How is it, that some data breaches are swiftly exposed, and perpetrators duly punished, while others can take years of investigations, costing taxpayers millions of dollars, as stretched legal resources are deployed in bringing cyber-criminals to justice?
Back in 2015, a highly sophisticated group of hackers committed what was considered one of the worst data breaches in U.S. history.
In a series of cyberattacks on health insurer Anthem Inc. (Anthem), the personal information of more than 78 million people was compromised.
Last Thursday May 9, 2019 – four years after the attack – a federal grand jury in Indianapolis, Indiana, charged a Chinese national, as part of a hacking group operating in China, with targeting large businesses in the U.S., including a computer intrusion and data breach of Indianapolis-based health insurer Anthem.
The indictment charges hacking group members Fuji Wang, and another person, currently listed as “John Doe”, with four counts of conspiracy and intentional damage. The indictment alleges that Wang and Doe unlawfully accessed and stole data from computer networks in four specific business sectors.
Sophisticated techniques deployed
The most serious hacking incident to hit the headlines was the 2015 Anthem breach, in which prosecutors say the defendants stole the personal information of nearly 80 million people.
According to the indictment, the defendants used sophisticated techniques, including advanced phishing emails with embedded hyperlinks, to break into the computer networks of the victim companies. They then installed malware on the compromised computer systems to identify data of interest, including personally identifiable information (PII) and confidential business information.
When the cyberattack was discovered, Anthem immediately alerted the FBI. This was crucial to being able to determine who was responsible and “should serve as an example to other organizations that might find themselves in a similar situation,” said Grant Mendenhall, Special Agent in Charge.
…the defendants waited several months before allegedly encrypting the stolen files and sending them through multiple computers to servers located in China.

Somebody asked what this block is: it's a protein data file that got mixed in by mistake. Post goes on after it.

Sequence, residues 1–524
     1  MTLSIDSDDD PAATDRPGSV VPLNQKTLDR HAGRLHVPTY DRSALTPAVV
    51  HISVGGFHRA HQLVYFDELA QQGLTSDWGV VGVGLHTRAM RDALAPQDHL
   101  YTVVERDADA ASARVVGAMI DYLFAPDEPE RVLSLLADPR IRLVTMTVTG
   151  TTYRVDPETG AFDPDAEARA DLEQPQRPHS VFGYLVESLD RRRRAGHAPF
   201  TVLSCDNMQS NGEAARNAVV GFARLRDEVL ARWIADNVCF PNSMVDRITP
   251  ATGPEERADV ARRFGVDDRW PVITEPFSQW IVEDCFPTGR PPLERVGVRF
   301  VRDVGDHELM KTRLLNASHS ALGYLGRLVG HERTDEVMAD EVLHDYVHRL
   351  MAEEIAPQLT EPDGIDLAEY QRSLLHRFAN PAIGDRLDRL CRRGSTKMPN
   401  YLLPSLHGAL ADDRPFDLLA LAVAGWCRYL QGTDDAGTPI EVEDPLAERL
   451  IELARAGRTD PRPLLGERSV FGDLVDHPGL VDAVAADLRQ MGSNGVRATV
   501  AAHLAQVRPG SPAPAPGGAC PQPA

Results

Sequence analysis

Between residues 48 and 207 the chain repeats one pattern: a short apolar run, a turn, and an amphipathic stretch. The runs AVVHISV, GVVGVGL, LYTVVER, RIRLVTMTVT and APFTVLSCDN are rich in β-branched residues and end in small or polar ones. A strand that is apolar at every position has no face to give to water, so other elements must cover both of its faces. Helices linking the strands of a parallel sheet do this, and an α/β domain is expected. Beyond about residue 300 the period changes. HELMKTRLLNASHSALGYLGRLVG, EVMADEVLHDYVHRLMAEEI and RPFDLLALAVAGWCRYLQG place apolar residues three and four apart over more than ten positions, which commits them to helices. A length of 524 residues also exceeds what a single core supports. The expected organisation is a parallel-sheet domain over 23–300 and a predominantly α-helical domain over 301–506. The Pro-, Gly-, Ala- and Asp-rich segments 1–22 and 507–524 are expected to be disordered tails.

Assistant Attorney General Benczkowski said:
“The allegations in the indictment unsealed today outline the activities of a brazen China-based computer hacking group that committed one of the worst data breaches in history. …These defendants allegedly attacked U.S. businesses operating in four distinct industry sectors and violated the privacy of over 78 million people by stealing their PII. The Department of Justice and our law enforcement partners are committed to protecting PII and will aggressively prosecute perpetrators of hacking schemes like this, wherever they occur.”
U.S. Attorney Minkler said that the cyberattack on Anthem not only caused harm to Anthem, but also impacted tens of millions of Americans. He stressed, “we are committed to bringing those responsible to justice”.
The Department of Justice said it will aggressively prosecute perpetrators of hacking. However, the charges listed in this indictment are purely allegations, and Wang and Doe are presumed innocent until proven guilty.
Almost 80 million personal information records stolen
Further allegations in the indictment state that the defendants collected files and other information from the compromised computers and proceeded to steal this data. As part of the computer intrusion and data breach of Anthem, the defendants identified and ultimately stole data concerning approximately 78.8 million persons from Anthem’s computer network, including:
health identification numbers,
dates of birth,
Social Security numbers,
employment information, and
Consequently, Wang and Doe are charged with one count of conspiracy to commit fraud and related activity in relation to computers and identity theft, one count of conspiracy to commit wire fraud, and two substantive counts of intentional damage to a protected computer.
Slow boat to China
Evidently, the hackers were in no hurry, as it is reported that the defendants waited patiently for several months before they took any further action. Eventually they began searching the network for data of interest. In addition to the massive amount of PII, the data included confidential business information. The indictment alleges that the defendants accessed the computer network of Anthem without authorization, for the explicit purpose of conducting reconnaissance on Anthem’s enterprise data warehouse on multiple occasions in October and November 2014.
According to the indictment, the defendants stole the data by placing it into encrypted archive files and sending it through multiple computers to destinations in China, during January 2015. Finally, the defendants deleted the encrypted archive files from the computer networks of the victim businesses, in an attempt to avoid detection.
Wang is believed to have had control of two internet domains linked to the criminal activity. According to the indictment, one of the domains was associated with a ‘backdoor’ used in one of the computer intrusions. The second one was associated with a server that was used to create an email account for conducting phishing attacks against employees of business victim #3.